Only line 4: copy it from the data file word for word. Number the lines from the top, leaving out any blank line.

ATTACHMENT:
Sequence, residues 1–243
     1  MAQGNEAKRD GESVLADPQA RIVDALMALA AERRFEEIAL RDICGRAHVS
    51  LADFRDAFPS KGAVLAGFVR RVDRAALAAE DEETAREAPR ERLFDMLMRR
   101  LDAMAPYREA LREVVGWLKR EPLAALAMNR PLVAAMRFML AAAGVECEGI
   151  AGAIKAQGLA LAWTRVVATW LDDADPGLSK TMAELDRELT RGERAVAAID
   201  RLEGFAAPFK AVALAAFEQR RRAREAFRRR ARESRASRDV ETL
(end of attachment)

   101  LDAMAPYREA LREVVGWLKR EPLAALAMNR PLVAAMRFML AAAGVECEGI